I can understand that. Holding a good book in your hand gives you a surge of hard-wired pleasure.
My Hotel Stories, by contrast, are only available so far as a Kindle edition. Should I bring out a paperback? Views welcome!
The pricing of Blood Summit, incidentally, helps explain Amazon’s model. For my 295-page paperback, printing costs mean the minimum price Amazon allows me to charge is around £6.30. At that price I, as author, receive zero commission.
For a Kindle download, by contrast, an author may sell a book for any price down to 99 US cents. Oddly, between 99 (more…)
The US President, British Prime Minister, German Chancellor, Russian President and other G8 leaders are taken hostage by terrorists at a summit in Berlin.
Rescue is impossible.
One after another, hostages are executed at point-blank range, killings streamed live, bodies left on show for fifteen minutes to prove that they are dead.
Then the U.S. President is thrown into the killing chair – and shots ring out.
Who is to blame for this cataclysm? Who can resolve the crisis – against a background of terrorist demands which seem impossible to meet, yet which have demonstrators massing outside the Reichstag to support the hostage-takers? (more…)
Here is the text of Chapter 5 of my Berlin thriller Blood Summit.
“In which Helen Gale gets into even more trouble.”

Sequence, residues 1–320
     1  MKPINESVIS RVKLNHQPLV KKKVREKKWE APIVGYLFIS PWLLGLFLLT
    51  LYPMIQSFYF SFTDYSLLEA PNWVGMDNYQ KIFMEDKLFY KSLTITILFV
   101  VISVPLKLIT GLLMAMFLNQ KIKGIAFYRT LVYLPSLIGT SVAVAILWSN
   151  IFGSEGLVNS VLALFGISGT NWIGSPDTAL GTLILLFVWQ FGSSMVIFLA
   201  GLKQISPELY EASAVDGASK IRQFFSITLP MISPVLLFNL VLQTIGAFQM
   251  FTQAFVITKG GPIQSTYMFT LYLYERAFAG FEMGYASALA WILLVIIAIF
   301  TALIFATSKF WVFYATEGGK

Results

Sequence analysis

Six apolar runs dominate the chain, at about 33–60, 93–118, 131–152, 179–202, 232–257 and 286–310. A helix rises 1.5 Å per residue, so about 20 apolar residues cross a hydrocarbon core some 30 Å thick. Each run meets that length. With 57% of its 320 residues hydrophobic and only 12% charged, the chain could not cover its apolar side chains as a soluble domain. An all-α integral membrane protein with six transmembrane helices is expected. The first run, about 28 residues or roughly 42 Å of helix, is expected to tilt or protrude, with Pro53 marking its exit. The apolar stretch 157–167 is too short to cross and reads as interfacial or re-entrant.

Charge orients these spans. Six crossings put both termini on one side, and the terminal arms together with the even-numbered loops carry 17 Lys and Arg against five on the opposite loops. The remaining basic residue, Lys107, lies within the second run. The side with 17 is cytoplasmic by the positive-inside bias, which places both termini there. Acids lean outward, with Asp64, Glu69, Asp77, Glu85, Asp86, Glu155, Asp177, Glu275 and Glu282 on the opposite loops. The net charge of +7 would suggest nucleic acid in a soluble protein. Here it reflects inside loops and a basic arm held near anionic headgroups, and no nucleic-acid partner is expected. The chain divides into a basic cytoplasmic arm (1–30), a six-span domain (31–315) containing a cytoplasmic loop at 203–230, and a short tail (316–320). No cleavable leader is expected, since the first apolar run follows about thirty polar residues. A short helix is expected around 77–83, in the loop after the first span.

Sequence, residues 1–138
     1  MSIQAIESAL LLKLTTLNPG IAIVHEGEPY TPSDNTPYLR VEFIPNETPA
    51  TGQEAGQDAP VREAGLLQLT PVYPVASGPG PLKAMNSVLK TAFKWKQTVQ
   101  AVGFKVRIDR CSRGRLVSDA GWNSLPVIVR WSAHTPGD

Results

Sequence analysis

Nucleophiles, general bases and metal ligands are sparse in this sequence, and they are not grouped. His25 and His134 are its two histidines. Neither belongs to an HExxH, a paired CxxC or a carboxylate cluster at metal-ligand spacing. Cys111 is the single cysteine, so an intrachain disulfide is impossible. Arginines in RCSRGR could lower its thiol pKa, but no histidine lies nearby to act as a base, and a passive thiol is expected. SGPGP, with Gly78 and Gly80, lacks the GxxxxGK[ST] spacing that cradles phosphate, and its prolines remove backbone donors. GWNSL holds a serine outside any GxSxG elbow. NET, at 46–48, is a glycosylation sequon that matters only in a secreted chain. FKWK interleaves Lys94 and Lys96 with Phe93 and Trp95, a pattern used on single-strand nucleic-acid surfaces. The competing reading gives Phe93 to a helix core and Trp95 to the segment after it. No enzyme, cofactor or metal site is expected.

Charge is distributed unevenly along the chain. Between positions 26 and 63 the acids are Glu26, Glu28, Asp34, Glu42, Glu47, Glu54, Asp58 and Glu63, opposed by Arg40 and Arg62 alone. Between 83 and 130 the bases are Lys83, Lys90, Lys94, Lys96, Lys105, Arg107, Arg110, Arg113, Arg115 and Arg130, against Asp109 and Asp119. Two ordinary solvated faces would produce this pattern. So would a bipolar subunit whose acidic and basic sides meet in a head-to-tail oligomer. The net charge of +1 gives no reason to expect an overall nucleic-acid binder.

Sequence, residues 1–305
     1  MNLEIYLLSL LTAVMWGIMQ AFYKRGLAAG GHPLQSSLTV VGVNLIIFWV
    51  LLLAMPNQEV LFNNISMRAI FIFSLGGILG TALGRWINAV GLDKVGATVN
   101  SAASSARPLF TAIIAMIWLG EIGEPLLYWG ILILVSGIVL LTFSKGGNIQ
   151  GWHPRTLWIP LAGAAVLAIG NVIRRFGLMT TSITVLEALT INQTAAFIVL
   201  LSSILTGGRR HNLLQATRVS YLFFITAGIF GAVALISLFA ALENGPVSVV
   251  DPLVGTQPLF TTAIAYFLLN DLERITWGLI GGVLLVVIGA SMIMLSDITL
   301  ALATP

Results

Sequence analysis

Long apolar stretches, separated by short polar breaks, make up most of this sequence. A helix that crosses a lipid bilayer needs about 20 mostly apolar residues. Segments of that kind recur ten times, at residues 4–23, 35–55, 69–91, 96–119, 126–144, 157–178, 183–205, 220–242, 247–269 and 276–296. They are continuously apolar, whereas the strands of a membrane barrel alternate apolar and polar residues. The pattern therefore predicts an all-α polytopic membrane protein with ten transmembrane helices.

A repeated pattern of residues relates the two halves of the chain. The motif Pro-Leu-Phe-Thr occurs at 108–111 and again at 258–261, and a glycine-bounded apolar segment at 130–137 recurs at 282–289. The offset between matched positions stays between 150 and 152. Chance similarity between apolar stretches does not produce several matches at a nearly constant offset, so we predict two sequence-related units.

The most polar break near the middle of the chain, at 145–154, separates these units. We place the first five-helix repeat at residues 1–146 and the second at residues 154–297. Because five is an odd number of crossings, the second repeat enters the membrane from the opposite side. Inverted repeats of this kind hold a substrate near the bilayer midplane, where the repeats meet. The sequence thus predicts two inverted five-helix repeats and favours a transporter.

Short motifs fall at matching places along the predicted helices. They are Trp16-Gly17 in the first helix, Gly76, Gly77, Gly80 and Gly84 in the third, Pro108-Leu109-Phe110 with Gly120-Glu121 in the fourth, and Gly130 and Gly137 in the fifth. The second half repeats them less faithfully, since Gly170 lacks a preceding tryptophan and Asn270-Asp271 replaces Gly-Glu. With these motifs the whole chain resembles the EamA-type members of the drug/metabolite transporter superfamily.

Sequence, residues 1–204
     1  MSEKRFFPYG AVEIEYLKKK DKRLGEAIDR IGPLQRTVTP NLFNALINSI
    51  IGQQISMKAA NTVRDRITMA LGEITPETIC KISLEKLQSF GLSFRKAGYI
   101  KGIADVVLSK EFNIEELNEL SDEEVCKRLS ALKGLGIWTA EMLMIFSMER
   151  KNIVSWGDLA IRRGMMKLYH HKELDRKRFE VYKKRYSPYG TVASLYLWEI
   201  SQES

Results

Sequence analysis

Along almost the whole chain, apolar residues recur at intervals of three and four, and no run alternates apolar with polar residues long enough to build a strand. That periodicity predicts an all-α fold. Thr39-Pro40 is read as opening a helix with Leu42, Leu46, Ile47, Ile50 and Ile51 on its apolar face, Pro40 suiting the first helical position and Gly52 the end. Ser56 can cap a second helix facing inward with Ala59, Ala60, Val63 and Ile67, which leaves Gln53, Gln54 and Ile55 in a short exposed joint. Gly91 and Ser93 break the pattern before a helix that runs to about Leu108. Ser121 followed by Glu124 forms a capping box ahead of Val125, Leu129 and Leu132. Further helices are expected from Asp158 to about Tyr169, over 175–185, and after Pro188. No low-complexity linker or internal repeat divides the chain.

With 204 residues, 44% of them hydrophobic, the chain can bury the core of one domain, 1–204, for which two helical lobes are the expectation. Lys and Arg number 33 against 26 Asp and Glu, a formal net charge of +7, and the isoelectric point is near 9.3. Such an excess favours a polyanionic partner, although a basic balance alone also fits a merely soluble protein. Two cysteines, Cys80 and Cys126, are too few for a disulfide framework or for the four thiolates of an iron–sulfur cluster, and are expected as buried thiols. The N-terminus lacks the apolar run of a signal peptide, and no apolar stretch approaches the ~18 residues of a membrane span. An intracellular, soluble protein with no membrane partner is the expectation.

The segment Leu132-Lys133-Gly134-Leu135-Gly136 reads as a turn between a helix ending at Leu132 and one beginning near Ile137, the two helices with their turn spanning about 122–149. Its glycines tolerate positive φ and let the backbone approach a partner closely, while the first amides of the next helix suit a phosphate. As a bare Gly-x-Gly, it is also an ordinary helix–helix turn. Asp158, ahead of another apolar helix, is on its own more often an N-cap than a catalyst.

The Reichstag dome. Warning: bad things happen here in “Blood Summit”
BLOOD SUMMIT: CHAPTER 5
Helen watched Sir Leonard Lennox grow angry. It was a rare, but frightening sight. Even when the ambassador was calm, his rugged features tended to darken in response to obstacles or unreason. Now, the combination of brilliant white bandages and a choleric outburst made his face look black with rage.
‘They say what?‘
Basil Nutter grimaced, glanced around the conference table and said nothing. Decades of experience in the back rooms of embassies from Abidjan to Yerevan had left the wizened but career-challenged diplomat equipped with two convictions. The first was that the key to a contented life was to avoid drawing attention to yourself. The second was that efforts by governments to influence the media were at best pointless and in most cases counter-productive. Basil was arguably, therefore, ill-fitted to the job of embassy press officer. He seemed physically to have shrunk as the Summit loomed. This morning’s blast had left his brow, and his suit, more deeply creased than ever.
Helen had been thinking of the injured child in the street. She saw Basil’s plight and intervened.